The district court granted summary judgment to White Cap on all counts, and the Eleventh Circuit affirmed.

All four of ACS’s claims, the Eleventh Circuit explained, turned on the question of whether ACS could show that White Cap and Meadow Burke had entered into an agreement for Meadow Burke to cease doing business with ACS in Florida. If there were no such agreement, and Meadow Burke instead had made the decision unilaterally, then there was no conspiracy as required for violation of section 1 of the Sherman Act. And ACS did not allege any other anticompetitive conduct that would support a claim under section 2 of the Sherman Act or the tortious-interference claim.

In concluding that ACS could not withstand summary judgment on this issue, the Eleventh Circuit reiterated the higher standard required of an antitrust plaintiff, accounting “for the purpose of the antitrust laws to only deter anticompetitive conduct, not chill legitimate business practices.” Specifically, “antitrust law limits the range of permissible inferences from ambiguous evidence in a § 1 case.” Moreover, “[t]he summary judgment standard in vertical restraint cases is more stringent than in other areas of antitrust law because a higher possibility of capturing and invalidating legitimate business conduct exists.”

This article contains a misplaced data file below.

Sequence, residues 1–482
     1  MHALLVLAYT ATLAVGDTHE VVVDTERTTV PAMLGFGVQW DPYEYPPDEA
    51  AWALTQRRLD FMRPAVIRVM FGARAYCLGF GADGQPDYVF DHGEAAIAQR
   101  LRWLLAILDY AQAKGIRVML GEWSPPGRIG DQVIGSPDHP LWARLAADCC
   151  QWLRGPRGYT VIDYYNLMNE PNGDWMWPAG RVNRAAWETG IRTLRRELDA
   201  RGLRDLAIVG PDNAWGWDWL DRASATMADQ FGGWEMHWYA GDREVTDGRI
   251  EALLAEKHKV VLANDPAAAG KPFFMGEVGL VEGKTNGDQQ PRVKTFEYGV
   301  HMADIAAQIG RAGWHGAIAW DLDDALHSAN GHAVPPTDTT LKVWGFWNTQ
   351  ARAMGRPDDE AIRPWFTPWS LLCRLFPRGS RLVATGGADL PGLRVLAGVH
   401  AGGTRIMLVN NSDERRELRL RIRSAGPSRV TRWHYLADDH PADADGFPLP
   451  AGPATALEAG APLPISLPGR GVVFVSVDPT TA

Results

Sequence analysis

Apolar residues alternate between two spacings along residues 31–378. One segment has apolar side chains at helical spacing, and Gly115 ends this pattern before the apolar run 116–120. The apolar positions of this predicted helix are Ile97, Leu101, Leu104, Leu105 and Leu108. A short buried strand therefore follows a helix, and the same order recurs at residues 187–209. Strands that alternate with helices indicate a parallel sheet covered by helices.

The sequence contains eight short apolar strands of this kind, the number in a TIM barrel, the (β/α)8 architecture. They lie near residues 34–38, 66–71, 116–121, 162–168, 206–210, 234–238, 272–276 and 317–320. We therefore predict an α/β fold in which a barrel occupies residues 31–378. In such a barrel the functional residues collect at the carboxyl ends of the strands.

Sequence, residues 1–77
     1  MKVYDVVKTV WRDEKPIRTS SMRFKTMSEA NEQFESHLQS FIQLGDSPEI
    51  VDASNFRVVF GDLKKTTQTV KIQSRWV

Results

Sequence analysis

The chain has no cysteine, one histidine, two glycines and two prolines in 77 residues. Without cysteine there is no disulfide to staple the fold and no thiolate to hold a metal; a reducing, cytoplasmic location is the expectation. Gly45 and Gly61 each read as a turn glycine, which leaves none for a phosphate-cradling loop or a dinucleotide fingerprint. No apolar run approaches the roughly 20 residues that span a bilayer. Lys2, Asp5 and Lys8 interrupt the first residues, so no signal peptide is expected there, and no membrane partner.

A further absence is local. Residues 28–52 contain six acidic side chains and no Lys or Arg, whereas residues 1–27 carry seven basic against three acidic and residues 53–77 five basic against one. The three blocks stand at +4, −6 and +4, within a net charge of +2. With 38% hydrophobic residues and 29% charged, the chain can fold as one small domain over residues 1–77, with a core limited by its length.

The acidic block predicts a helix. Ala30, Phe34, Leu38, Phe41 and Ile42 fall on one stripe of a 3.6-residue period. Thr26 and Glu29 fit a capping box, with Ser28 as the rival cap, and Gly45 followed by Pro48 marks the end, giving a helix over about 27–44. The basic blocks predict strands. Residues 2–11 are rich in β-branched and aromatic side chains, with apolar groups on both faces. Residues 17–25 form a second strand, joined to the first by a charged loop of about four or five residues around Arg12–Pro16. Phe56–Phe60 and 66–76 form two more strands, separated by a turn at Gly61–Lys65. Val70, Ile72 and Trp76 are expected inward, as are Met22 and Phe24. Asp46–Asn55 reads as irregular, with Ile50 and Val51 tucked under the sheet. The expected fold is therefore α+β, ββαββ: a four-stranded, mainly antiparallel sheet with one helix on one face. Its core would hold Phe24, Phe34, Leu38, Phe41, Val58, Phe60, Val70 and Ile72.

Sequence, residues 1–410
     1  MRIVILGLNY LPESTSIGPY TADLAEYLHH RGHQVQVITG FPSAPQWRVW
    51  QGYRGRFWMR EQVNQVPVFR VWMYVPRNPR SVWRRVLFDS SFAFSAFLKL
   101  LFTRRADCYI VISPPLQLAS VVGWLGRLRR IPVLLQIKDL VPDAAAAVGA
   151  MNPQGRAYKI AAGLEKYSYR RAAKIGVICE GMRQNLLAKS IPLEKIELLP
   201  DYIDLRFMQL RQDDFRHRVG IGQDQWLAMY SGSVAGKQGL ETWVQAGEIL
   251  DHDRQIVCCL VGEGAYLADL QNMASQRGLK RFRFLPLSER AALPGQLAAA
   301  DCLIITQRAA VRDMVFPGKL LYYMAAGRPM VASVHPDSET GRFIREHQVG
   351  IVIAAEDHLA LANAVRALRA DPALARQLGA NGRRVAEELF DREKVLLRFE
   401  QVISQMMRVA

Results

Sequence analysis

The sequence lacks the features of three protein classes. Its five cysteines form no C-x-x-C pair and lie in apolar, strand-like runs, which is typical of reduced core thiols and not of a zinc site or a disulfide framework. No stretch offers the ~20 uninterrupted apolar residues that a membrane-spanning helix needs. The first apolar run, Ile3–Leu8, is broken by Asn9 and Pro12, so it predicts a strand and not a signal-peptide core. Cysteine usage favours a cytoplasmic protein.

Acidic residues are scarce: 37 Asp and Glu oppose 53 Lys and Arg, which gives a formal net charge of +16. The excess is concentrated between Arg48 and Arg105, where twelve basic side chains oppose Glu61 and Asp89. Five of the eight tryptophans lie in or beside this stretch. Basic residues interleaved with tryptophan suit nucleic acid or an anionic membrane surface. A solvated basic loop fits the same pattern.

Under this standard, there can be no conspiracy or agreement if the evidence is equally consistent with an inference of independent action. That is, the plaintiff on summary judgment must “point to evidence which tends to exclude the possibility that the manufacturer was operating independently in making his determination to terminate the distributor.” “This evidence ‘need not be such that only an inference of conspiracy may be derived from it. It must, however, go beyond equivocal complaints and tend to exclude the inference of independent action.’”

This means that evidence of mere complaints from a competitor to the manufacturer fails to establish a conspiracy under the Sherman Act: “But evidence of a complaint, even a strong one, like this is not anticompetitive conduct.”

Here, although the evidence “raises an inference that there might have been an agreement between Meadow Burke and White Cap—Meadow Burke agreeing to use White Cap only and terminate ACS in Florida in exchange for White Cap continuing to purchase from Meadow Burke—it is evidence of ‘conduct which is as equally consistent with permissible competition as it is with an illegal conspiracy’” and ‘does not, without more, support … an inference of conspiracy.’” Again, “[m]ere equipoise of the evidence does not establish an agreement.”

In reaching this conclusion, the court pointed specifically to the timing of Meadow Burke’s decision not to support ACS. There was no evidence that Meadow Burke had consulted with White Cap at any point after White Cap threatened to pull business from Meadow Burke.

Moreover, the court pointed out, it was in Meadow Burke’s best interest to pull back from ACS in order to maintain its relationship with White Cap. Meadow Burke would not want to lose White Cap’s market share or discourage other distributors from investing in Meadow Burke as White Cap had.

Posted by Stacey Mohr.